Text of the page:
Heathkit HG-10 VFO off by 2 Mhz higher on 80 meters

Discussion in '"Boat Anchor" & Classic Equipment' started by K1OIK, Jun 10, 2018.

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  1. K1OIK

    K1OIK Platinum Subscriber Platinum Subscriber QRZ Page

    The VFO works fine on 40-10 meters, on 80 meters with L2 slug all the way out the lowest frequency I can get is around 5.5 MHz, the trimmer capacitor only varies a minor amount. Putting the slug in and the frequency goes higher yet. Ideas?
  2. K9STH

    K9STH Platinum Subscriber Volunteer Moderator Platinum Subscriber QRZ Page

    Several things:

    I have to assume that you got this HG-10 used.

    It may have been that someone has modified the VFO to use with a transmitter that requires a 5.0 MHz to 5.5 MHz input. To accomplish that could come from several directions including removing of turns from the 80-meter coil. Or, the value of trimmer capacitors or fixed capacitors has been changed, You need to look at:

    C-1, C-2, C-6, C-15, C-5, C-10.

    Glen, K9STH
    KM4POK likes this.
  3. W7UUU

    W7UUU QRZ Lifetime Member #133 Volunteer Moderator Life Member Platinum Subscriber QRZ Page

    [edit] Glen beat me to it.... :)

    Could it be that the HG-10 had been modified to work with a modern rig using a 5.0 to 5.5 MHz VFO?

  4. K1OIK

    K1OIK Platinum Subscriber Platinum Subscriber QRZ Page

    L2 looks original, the trimmer does not do much, what possible transmitter could this be modified for? And it also would need to be very stable if done so.
  5. W7UUU

    W7UUU QRZ Lifetime Member #133 Volunteer Moderator Life Member Platinum Subscriber QRZ Page

    I was thinking "external VFO for Split Operation" for most any rig requiring 5.0 to 5.5 MHz Not that I'd expect it to be all that stable, but you never know.

  6. W9GB

    W9GB Ham Member QRZ Page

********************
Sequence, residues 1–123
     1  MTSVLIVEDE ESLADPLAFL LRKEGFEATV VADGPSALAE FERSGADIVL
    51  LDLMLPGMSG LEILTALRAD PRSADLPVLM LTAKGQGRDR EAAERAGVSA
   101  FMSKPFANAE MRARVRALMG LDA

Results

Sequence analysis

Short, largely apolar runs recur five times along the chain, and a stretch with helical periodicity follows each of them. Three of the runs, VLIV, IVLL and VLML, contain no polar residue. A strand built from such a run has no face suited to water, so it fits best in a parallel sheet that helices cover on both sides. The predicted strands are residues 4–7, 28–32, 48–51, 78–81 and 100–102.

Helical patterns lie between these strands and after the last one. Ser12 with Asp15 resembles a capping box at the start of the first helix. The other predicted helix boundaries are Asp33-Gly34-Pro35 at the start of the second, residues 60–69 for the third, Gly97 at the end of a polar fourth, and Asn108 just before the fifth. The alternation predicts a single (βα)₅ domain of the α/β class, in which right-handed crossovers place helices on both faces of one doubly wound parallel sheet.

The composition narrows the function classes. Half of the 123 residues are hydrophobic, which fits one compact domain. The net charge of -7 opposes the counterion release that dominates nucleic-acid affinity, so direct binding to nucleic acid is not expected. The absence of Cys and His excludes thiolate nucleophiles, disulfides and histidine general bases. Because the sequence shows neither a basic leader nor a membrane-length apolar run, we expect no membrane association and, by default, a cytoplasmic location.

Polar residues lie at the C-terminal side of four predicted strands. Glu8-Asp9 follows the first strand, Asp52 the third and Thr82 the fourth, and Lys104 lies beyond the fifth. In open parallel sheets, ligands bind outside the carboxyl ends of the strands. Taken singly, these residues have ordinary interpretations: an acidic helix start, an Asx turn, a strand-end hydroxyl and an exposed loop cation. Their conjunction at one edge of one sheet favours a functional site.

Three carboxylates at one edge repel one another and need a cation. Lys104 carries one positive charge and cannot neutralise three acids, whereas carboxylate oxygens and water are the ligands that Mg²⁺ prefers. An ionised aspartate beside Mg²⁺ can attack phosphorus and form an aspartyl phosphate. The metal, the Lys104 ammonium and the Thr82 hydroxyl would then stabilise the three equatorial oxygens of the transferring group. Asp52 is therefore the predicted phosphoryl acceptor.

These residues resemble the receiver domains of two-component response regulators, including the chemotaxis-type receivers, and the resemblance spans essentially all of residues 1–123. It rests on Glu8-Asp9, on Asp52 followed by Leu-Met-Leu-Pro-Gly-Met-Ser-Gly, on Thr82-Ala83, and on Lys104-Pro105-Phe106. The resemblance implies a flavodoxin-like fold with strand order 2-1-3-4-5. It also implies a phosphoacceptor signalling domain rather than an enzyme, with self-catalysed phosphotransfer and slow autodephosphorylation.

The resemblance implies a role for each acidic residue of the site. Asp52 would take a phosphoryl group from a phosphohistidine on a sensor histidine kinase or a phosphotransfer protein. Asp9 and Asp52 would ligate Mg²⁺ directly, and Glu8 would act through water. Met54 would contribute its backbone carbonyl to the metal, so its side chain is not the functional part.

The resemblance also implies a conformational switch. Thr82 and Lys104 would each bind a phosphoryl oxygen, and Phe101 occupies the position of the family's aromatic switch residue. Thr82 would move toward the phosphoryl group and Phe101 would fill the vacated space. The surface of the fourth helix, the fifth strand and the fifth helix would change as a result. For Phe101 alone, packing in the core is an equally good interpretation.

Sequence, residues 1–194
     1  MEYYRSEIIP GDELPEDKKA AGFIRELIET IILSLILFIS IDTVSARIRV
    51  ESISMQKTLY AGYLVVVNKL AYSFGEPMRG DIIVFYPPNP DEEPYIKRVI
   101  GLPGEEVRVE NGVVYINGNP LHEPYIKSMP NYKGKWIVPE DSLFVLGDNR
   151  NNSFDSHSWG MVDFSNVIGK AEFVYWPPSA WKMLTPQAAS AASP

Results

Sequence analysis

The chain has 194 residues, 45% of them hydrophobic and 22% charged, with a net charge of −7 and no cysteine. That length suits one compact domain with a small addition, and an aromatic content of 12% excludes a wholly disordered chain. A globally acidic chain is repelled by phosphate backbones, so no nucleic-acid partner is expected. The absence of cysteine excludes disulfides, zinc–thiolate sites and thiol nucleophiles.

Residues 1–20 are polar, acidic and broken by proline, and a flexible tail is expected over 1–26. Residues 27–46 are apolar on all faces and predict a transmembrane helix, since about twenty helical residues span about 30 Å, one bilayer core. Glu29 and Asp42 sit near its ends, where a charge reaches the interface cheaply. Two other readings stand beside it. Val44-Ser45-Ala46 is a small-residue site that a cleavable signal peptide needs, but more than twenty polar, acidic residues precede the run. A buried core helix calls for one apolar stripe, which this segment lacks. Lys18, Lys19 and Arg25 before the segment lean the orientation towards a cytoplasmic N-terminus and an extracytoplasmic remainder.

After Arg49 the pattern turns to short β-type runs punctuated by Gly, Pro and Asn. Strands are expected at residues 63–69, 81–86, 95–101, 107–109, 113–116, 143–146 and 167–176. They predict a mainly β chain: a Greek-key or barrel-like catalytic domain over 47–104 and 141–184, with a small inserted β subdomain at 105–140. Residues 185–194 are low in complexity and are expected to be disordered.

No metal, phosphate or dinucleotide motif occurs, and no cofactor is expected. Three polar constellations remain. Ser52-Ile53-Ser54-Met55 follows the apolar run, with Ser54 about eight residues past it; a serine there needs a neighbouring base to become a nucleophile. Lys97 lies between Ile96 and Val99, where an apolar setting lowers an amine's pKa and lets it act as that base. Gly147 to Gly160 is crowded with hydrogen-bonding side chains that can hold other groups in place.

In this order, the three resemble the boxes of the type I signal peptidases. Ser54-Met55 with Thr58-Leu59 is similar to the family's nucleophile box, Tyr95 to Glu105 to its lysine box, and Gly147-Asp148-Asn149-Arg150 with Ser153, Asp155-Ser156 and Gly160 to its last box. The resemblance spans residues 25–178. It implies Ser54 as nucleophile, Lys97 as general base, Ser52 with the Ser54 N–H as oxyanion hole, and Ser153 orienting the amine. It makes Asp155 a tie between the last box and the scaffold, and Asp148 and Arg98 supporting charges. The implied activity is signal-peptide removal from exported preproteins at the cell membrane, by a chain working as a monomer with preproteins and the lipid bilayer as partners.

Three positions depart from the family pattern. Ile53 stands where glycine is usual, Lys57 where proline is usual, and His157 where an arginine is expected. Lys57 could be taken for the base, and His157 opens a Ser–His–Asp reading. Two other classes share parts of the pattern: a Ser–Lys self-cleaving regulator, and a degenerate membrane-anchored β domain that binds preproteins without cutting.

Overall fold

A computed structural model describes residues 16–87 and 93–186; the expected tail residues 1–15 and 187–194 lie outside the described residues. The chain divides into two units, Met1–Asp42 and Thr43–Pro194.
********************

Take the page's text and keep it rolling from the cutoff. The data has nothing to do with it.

The Heathkit HG-10 VFO uses Four (4) oscillator ranges.

    The 80 meter band output is the fundamental 3.5 to 4 MHz.
    The 40, 20, 15, and 10 meter dial scales use the extended 40 meter fundamental 7.0 to 7.425 MHz
    The 6 meter band output is 8.333 to 9 MHz.
    The 2 meter range uses 8 to 8.222 MHz.
    The WRONG Inductor (L2) is being adjusted for 80 meters !
    Do you have the Manual and Schematic ??

    1.) Read Bob Eckweiler’s Summary (link below) to understand HOW the HG-10 works.
    2.) Review the Schematic Diagram, clean version in Bob’s Summary of HG-10 VFO.
    3.) Now, Go Back and properly Adjust L3 (inductor) and C7 (capacitor) for 80 meters.
    Heathkit HG-10 / HG-10B Variable Frequency Oscillator (VFO)
    Heathkit of the Month, #83 : March 2018
    by Bob Eckweiler, AF6C
    http://www.w6ze.org/Heathkit/Heathkit_083_ HG10.pdf
    A Grid Dip Oscillator (GDO) can be useful as well as an L-C meter for troubleshooting.
    LOOK for out of specification components (wrong value, after 50+ years changed value)
    Last edited: Jun 10, 2018
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  7. W1BR

    W1BR Ham Member QRZ Page

    If you are using a counter, make sure it is not triggering on the second harmonic.

    Since it will NOT tune below 5.5 MHz I doubt it was modified. Sounds as if it may be related to an error in measurement technique.
    Last edited: Jun 10, 2018
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  8. W9GB

    W9GB Ham Member QRZ Page

    Appears to be Operator Error (Bench Tech), adjusting wrong inductor (L2).

    PAGE 10, Clean schematic, annotated in RED for function. L3 / C7 for 80 meter adjustments.
    http://www.w6ze.org/Heathkit/Heathkit_083_ HG10.pdf
    Last edited: Jun 10, 2018
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  9. N2EY

    N2EY Premium Subscriber QRZ Page

    Lots of them.

    1) Please read and understand the manual and schematic BEFORE asking questions. L2 is the 40 meter coil. L3 is the 80 meter coil. If you are adjusting L2 on the 80 meter range, it won't have much effect.

    2) Please go over the unit and see if the wiring and components match the schematic and manual. This means tracing out every wire and every component, and checking the values of those that can be checked in-circuit, testing switch contacts with an ohmmeter, etc. Maybe the thing was modified, Maybe it was built wrong in the first place.

    3) Use a grid dip meter to check the resonant circuits.

    4) After you have done the above, if you still have a question, give as much relevant information as possible - not as little. For example: What are you using for a power supply? How are you measuring the output frequency? What is the exact frequency range covered on each band selected?

    IOW, make it easy for others to help you. Do not bogart information and expect others to be mindreaders.

    Yes, all of the above takes time and effort. That's the price of fixing up old radios.
    W7UUU likes this.
  10. N2EY

    N2EY Premium Subscriber QRZ Page

    Very unlikely. Note that the lowest frequency mentioned is 5.5 MHz.

    In cases like this it is important not to go off chasing wild geese in expectation of a quick fix.

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